Learn about cystic fibrosis, a genetic disorder that affects the lungs, pancreas, and other organs, and how to treat and live with this chronic disease.
CF is a rare genetic disease found in about 30,000 people in the U.S. If you have CF or are considering testing for it, knowing about the role of genetics in CF can help you make informed decisions about your health care.
If you or your child has just been diagnosed with cystic fibrosis, or your doctor has recommended testing for CF, you may have many questions.
Diagnosing CF is a multistep process. A complete diagnostic evaluation should include a newborn screening, a sweat chloride test, a genetic or carrier test, and a clinical evaluation at a CF Foundation-accredited care center.
Raising a child with cystic fibrosis can bring up many questions because CF affects many aspects of your child’s life. Here you’ll find resources to help you manage your child’s daily needs and find the best possible CF care.
Living with cystic fibrosis comes with many challenges, including medical, social, and financial. By learning more about how you can manage your disease every day, you can ultimately help find a balance between your busy lifestyle and your CF care.
People with CF are living longer, healthier lives than ever before. As an adult with CF, you may reach key milestones you might not have considered. Planning for these life events requires careful thought as you make decisions that may impact your life.
People with cystic fibrosis are living longer and more fulfilling lives, thanks in part to specialized CF care and a range of treatment options.
Cystic Fibrosis Foundation-accredited care centers provide expert care and specialized disease management to people living with cystic fibrosis.
We provide funding for and accredit more than 120 care centers and 53 affiliate programs nationwide. The high quality of specialized care available throughout the care center network has led to the improved length and quality of life for people with CF.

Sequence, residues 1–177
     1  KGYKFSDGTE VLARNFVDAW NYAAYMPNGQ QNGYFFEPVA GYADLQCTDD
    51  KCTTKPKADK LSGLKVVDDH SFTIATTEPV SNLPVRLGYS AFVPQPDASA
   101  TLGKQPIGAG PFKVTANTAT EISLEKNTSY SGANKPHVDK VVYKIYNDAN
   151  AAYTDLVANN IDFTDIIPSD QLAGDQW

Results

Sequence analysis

The Cystic Fibrosis Foundation provides standard care guidelines based on the latest research, medical evidence, and consultation with experts on best practices.
As a clinician, you’re critical in helping people with CF maintain their quality of life. We’re committed to helping you partner with patients and their families by providing resources you can use to improve and continue to provide high-quality care.
As part of the Cystic Fibrosis Foundation's mission to help improve the lives of people living with cystic fibrosis, the PSDC initiative taps the CF community to inform key efforts to support the management of daily care.
Your cystic fibrosis care team includes a group of CF health care professionals who partner with you to provide specialized, comprehensive CF care.
Many people living with cystic fibrosis and their families face complicated issues related to getting the care they need. Cystic Fibrosis Foundation Compass makes sure that no one has to do it alone.
CF Foundation Compass is a service that helps people with CF and their families with navigating insurance options, connecting to legal information and experts, finding available financial resources, and tackling other life issues.
CF care team members are paramount in providing highly specialized care to people living with CF. CF Foundation Compass can help by serving as a strategic ally for care teams, so team members can focus on their patients’ care.
CF Foundation Compass can help you navigate insurance, financial, legal, and other issues you are facing. Use this online form to start your conversation with a Compass case manager today.
The Cystic Fibrosis Foundation is the world’s leader in the search for a cure for CF and supports a broad range of research initiatives to tackle the disease from all angles.
The CF Foundation offers a number of resources for learning about clinical trials and treatments that are being developed to improve the treatment of cystic fibrosis.
Our understanding of CF continues to evolve as scientists study what causes the disease and how it affects the body. These insights drive the development of new and better treatments and bring us one step closer to a cure.
Researchers, supported by the CF Foundation, have made tremendous advances to improve the health and quality of life of people with CF. We are committed to providing the tools and resources you need to continuously build upon this work.
On the Foundation's Facebook, we asked the question, “Have you ever experienced a random act of kindness from a stranger?” We were so moved by all the stories that we had to share them. Check out some of our favorite responses.
September 11, 2018
Remembering Claire Wineland
When Lungs Collapse